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With RSA (or any asymmetric cryptography, for that matter), the key question is "how do you know you can trust the other peer's public key?". Without authentication, you could be sending your message using the attacker's public key. Example 1: the first time you SSH to a host, you are prompted to confirm that you trust the public key. That's because if an ...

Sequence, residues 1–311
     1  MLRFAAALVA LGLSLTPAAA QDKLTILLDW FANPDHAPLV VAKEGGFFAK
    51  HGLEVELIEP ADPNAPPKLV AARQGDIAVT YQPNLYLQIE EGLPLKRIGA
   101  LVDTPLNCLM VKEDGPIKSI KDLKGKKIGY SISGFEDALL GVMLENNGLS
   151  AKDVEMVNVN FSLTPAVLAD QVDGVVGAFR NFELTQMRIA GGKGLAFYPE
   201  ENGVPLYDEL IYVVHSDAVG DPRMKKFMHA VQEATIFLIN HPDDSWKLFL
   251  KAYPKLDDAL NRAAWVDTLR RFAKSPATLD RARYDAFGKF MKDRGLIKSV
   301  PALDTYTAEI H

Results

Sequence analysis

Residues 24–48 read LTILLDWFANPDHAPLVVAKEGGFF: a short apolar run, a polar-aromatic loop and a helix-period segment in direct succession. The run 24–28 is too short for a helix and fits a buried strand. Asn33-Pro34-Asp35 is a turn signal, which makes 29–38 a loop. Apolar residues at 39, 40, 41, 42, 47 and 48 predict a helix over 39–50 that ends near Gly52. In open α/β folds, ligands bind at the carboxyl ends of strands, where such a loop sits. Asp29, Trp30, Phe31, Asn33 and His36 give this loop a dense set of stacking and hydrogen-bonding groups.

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The attack is even more simple with RSA than with symmetric keys, because the asymmetric encryption key is assumed to be public. Let me tell you a story involving Alice, Bob and Mallory :). Alice wants to send a message to Bob using RSA. Alice encrypts the message using Bob's public key and sends it Mallory performs a Man-In-The-Middle attack, and ...



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